In response to the identified gaps, C21U’s Programs and Outreach focuses on identifying and exploring innovative ways to encourage increased opportunities for interactions and engagement among faculty, students, the university and surrounding communities as ways of improving college access and completion.
In an information-driven and digitally connected world, participation and engagement are more complicated, readily available, and important to 21st century learning. The increasingly prevalent online and virtual modes of communication and learning reinforce the continued importance of face-to-face and in person engagement. The two themes, always-on connectivity and the importance of participation and engagement, constitute important facets of higher education access and completion in 21st century learning.
According to the Lumina Foundation 2013-2016 Strategic Plan, the percentage of Americans between the ages of 25 and 64 with a two- or four-year degree is 38.7 percent. Yet 65 percent of U.S. jobs will require some form of postsecondary education by 2020. To close that gap, we must explore new ways to expand access and success in post-secondary education beyond high school, particularly among low-income and first-generation students, racial and ethnic minorities, immigrants, veterans and adults who have some college but lack a credential. Objectives include increasing awareness of faculty and administrators, community leaders, business leaders, and other citizens on the various tactics available to increase attainment and developing approaches to create the fundamental change needed within the U.S. higher education system—particularly finance and credentialing models to increase required attainment levels. Expanding the possibilities and types of learning, creating new systems of quality credentials and credits defined by learning and competencies rather than time, and alignment with workforce needs and trends are important objectives.
In October 2013, Lumina Foundation announced that C21U Director Rich DeMillo has been named one of the first four Lumina Fellows.
The Bill and Melinda Gates Foundation also focuses on issues of access and completion via its College-Ready Education and Postsecondary Success programs. The innovative programs are targeted at supporting efforts to insure secondary students are prepared for college success, and once there, that students complete college with an education "tailored to their needs, academic abilities, and career or employment goals."
More broadly, the University System of Georgia notes in its Policy Review Task Force Recommendations Report: “The concept of new models also includes breaking down institutional walls—that knowledge in general may be acquired from institutions or non-institutional entities outside the USG. These may be formal or informal arrangements for both faculty and students to benefit from the growing availability of educational resources, assessments, and whole courses (e.g. MOOCs).”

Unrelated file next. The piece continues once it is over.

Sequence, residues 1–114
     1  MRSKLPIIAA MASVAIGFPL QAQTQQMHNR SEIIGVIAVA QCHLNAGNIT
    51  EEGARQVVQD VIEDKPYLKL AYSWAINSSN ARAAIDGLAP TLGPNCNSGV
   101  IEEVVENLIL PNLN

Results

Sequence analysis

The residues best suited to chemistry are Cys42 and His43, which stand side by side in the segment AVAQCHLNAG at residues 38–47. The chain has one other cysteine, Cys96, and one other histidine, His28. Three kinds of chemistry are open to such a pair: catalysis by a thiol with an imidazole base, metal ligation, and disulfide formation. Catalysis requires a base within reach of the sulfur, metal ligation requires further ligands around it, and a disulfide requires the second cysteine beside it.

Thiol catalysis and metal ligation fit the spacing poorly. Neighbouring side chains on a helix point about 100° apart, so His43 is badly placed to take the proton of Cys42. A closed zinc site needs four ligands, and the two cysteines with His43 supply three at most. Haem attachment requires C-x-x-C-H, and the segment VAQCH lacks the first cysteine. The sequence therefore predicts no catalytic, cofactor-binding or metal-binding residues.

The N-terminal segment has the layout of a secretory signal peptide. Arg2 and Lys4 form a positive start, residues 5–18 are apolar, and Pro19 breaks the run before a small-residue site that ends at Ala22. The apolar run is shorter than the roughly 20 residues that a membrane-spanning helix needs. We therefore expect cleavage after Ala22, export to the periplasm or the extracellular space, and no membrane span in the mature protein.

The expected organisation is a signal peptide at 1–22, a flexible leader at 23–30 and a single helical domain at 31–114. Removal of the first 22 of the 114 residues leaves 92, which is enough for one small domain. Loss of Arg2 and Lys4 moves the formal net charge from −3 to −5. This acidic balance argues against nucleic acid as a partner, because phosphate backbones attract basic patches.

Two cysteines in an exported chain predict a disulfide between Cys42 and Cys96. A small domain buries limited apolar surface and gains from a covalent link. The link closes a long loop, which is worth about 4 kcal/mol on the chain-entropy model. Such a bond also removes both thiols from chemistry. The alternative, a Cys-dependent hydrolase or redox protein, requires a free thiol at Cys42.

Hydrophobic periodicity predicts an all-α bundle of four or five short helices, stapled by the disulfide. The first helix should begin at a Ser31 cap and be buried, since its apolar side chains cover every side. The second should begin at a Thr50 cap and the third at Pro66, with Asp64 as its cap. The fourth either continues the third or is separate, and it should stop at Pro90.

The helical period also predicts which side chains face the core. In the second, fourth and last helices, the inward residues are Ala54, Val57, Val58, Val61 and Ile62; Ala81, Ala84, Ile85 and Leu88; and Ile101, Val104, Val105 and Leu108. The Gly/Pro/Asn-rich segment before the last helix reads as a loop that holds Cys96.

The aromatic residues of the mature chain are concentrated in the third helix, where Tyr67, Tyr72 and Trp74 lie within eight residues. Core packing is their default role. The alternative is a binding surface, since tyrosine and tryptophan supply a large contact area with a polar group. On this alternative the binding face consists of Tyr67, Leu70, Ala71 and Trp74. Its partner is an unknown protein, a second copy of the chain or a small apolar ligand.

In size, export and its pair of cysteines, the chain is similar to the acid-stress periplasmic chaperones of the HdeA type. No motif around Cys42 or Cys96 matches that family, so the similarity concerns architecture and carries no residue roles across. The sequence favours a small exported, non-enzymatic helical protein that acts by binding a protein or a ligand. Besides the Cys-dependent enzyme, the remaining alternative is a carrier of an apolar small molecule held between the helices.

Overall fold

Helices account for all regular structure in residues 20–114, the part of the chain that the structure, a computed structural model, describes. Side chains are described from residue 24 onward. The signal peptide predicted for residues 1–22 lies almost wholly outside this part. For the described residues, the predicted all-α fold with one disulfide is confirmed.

In the 2014 Budget Proposal for Education, the U.S. Department of Education underscores the need for innovation at a national level to close achievement gaps, provide life-transforming opportunities to children, expand educational opportunities, and prepare all Americans for the challenges of the 21st century.
In response to the identified gaps, C21U’s Access and Completion Initiative focuses on identifying and exploring innovative ways to encourage increased opportunities for interactions and engagement among faculty, students, the university, and surrounding communities as ways of improving college access and completion.
As part of its ongoing partnership with the Campus Community Partnership Foundation, C21U promotes Mentor Walk, held on the Georgia Tech campus and in the community. Mentor Walk raises awareness of the importance of education and encourages students to stay in school.
Mentor Walk is designed to positively impact the drop-out rate by exposing children to opportunities for their future with education. It introduces students in school to college life, with discussions about college preparation, successful job interviews, financial literacy, vocational modules, and literacy for children. To participate in the Fall 2016 Mentor Walks, visit http://www.mentorwalk.org/ for more information.
The Campus Community Partnership Foundation "recognizes excellence in campus community partnerships and service learning. It encourages college students to develop social responsibility by applying their classroom learning to address community problems with innovative and sustainable solutions, in partnership with the community."
Georgia Tech has several venues to support student learning, faculty mentorship, and community engagement, including:
The Office of Leadership & Civic Engagement applies a student-centered approach for students to develop and clarify identity, to understand others, and to promote social change. One component of change is service learning, experiential education in which students engage in activities that address human and community needs together with structured opportunities intentionally designed to promote student learning and development.
The Office of Community Relations works closely with local neighborhood organizations, non-profits, and governmental entities to help improve and empower various communities.
The Vertically-Integrated Projects (VIP) Program is an undergraduate education program that operates in a research and development context. Undergraduate students who join VIP teams earn academic credit for their participation in design and discovery efforts that assist faculty and graduate students with research and development issues in their areas of technical expertise.